4. Eat less red meat (Or give it up! at least for a short while to see if you feel better) Red meat can be pro-inflammatory. Are you a burger lover? Aim for a realistic goal. Substitute your lunch time beef with fish, nuts or soy based protein a few times a week.
5. Cut the processed stuff!! Sugary cereals and drinks, deep fried foods and pastries are all pro-inflammatory offenders. They can contain plenty of unhealthy fats that are linked to inflammation. But eating whole fruits, veggies, grains and beans can be quick if your prep ahead for multiple meals.
The High Cost of Low Grade Inflammation: Persistent Fatigue
Inflammation affects cellular energy availability through its effects on metabolism. Inflammation can at the same time affect energy expenditure, both through increased energy demand by the immune system and through changes in motivation-driven energy expenditure **ncbi.nlm.nih.gov
Six signs that your fatigue is caused by inflammation....
Poor digestion ~ bloating, abdominal pain, constipation, and diarrhea, could be a sign of chronic inflammation. These symptoms can be caused by an imbalance of the bacteria in the intestines that cause an inflammatory response. *Dr Routhenstein, MS RD CDE CDN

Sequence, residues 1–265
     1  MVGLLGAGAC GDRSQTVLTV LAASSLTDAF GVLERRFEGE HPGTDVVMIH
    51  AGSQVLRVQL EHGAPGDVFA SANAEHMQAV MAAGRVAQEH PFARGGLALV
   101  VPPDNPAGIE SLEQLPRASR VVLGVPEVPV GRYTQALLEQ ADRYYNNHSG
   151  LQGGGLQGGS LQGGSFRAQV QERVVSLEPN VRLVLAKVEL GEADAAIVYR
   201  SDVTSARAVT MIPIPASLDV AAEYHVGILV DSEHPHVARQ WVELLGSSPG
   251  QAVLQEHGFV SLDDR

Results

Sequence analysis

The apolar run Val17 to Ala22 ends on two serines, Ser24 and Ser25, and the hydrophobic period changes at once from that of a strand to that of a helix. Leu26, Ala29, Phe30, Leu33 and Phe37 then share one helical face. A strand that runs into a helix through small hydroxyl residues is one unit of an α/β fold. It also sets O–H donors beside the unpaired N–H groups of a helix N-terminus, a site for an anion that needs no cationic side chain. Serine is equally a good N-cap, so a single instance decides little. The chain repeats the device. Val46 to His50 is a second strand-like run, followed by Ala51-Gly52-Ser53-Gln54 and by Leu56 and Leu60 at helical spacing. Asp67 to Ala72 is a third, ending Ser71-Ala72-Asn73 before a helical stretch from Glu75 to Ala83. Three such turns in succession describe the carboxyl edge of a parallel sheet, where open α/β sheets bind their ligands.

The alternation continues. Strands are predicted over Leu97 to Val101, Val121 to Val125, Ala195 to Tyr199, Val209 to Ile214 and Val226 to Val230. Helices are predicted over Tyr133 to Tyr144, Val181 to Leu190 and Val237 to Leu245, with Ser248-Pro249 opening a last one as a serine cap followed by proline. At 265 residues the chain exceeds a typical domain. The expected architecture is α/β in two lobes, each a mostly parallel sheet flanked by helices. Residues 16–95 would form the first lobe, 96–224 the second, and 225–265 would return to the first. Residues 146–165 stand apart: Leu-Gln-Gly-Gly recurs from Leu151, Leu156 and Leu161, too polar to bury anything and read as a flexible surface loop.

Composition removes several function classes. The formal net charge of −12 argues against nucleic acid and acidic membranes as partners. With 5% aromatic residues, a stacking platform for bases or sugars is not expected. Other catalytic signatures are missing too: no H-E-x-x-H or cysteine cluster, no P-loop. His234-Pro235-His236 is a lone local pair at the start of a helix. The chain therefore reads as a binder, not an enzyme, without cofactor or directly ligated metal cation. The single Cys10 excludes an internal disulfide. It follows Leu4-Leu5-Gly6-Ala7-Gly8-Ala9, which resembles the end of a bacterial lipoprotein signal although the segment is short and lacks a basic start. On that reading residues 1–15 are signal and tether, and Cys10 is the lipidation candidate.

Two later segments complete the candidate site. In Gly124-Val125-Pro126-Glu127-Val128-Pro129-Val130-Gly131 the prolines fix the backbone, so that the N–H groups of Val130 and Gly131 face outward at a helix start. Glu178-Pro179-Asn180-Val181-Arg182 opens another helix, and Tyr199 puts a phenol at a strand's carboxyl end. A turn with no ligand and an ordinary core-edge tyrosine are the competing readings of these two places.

Painful Joints ~ pain or swelling in your joints, might be a sign of arthritis, which is an inflammation of the joints. Feeling worn out, or struggling to go about daily activities could manifest itself as pain.
Puffiness Around the Eyes ~ If you don't usually have puffiness around the eyes, or darker circles under them, having these symptoms appear our of nowhere may be a sign of inflammation in the body. From a musculoskeletal perspective, superficial inflammation is observed as swelling, which is frequently observed by a patient's eye. *Dr Axe
Swollen Lymph Nodes ~ The lymph nodes in your neck may swell up slightly when you're fighting off a cold. Lymph nodes enlargement is a good indication that our body's immune system is trying to fight off against some disruptive trigger. *Marcela Magda Popa, MD a board-certified internal medicine physician. Swollen lymph nodes are seen in viral and bacterial infections and often go hand in hand with fatigue.
Low Grade Fever ~ Non infectious inflammatory disorders, that include the autoimmune disorders can have associated fever that can be more pronounced during flare-ups or when complications develop.
Rashes ~ Rashes can be manifestations of infections or allergies, but often time rashes are associated with chronic inflammatory conditions, such as celiac disease, lupus, psoriasis, inflammatory bowel disease, and others. **Dr Popa Whatever is going on internally can make its way to the surface, in the form of skin conditions. At times the rashes may appear before other manifestations of the disease the cause them.
We have the ability to ward off inflammation with a healthy lifestyle. Do not accept the negative. Understandably there are situations that cause for more than just a change in diet.
Here are some other articles for additional reading on the subject.